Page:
The traditional axiom in marketing has been a simple recipe. Good products sell well, and great products promoted heavily sell really well. Developing quality products as the top priority, in front of the promotional sizzle, led to stronger brands and greater followership. And, in a crowded market where financial resources are scarce, the ability to create a high quality product and a valuable experience for the consumer has reigned supreme.
Then came the appeal to the attention economy. This principle developed during the past decade is based upon a simple axiom, as well. The attention economy is predicated on the belief that attention is the most scarce resource in the economy and, if a brand can command attention it has a leg up on the competition. Nike and the University of Oregon know a little bit about this. They turned the age old recipe of winning on it's side with their flash and speed. The old equation was "if you win, people will follow you and your brand will grow more valuable." The new Nike and Oregon equation really turned that on it's end over the past decade with a new paradigm: "if you can get attention, you will win, and your brand will grow more valuable." And, it has worked, as the Ducks are a perennial national contender in most collegiate sports today and sit #2 the AP Football rankings currently.
What does the attention economy mean to education? We have all seen schools or colleges that over-deliver on the marketing front in relationship to the quality of campus experience, facilities, or program. Is it true that if a school can grab attention first, regardless of quality or value, that it can develop a strong following or a deeper brand, and "win" as a result? We know that the consumer is growing more savvy and connected to information about quality and education. But, does the consumer have the ability to discern quality and understand the difference between flash and substance? Education is a mature industry, and most consumers expect both sturdiness and innovation from our leading schools and colleges today. As we see more schools and colleges leaning into the attention economy, we also know that the quality of experience has to be there in order for the brand to be sustainable.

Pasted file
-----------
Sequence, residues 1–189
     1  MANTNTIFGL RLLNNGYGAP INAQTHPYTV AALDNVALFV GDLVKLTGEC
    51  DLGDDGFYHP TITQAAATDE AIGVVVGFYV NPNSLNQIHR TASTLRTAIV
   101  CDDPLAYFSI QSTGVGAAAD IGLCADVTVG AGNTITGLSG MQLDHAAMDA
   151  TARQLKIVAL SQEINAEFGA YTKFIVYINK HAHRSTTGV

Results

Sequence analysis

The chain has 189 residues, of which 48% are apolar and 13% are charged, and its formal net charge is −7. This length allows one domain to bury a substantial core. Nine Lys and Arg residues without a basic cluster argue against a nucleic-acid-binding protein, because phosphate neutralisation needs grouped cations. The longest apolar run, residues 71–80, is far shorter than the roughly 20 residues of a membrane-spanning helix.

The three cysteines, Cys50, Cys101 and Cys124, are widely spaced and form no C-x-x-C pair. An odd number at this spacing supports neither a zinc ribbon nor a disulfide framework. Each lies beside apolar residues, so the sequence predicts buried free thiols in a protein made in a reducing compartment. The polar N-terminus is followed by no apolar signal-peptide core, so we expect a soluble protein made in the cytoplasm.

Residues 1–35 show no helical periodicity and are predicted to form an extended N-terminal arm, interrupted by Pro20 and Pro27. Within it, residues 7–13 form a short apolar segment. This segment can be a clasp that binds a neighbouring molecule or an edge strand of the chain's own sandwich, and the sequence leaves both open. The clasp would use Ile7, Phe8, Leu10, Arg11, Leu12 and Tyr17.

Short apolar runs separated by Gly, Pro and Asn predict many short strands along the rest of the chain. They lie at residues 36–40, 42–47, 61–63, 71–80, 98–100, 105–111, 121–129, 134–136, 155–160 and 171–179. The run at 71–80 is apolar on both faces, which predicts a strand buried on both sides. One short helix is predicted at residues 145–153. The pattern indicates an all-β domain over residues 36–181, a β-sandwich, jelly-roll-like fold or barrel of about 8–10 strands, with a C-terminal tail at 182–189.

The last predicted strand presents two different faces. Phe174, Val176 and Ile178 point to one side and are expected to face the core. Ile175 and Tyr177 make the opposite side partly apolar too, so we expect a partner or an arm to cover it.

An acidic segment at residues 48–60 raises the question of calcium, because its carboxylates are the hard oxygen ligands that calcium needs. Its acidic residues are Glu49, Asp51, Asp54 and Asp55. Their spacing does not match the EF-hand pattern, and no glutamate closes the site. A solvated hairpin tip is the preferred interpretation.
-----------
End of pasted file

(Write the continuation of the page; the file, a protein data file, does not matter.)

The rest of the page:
What are your thoughts on the attention economy? Does it play a role in your school or college marketing approach? And, how about your competitors? We would love your thoughts.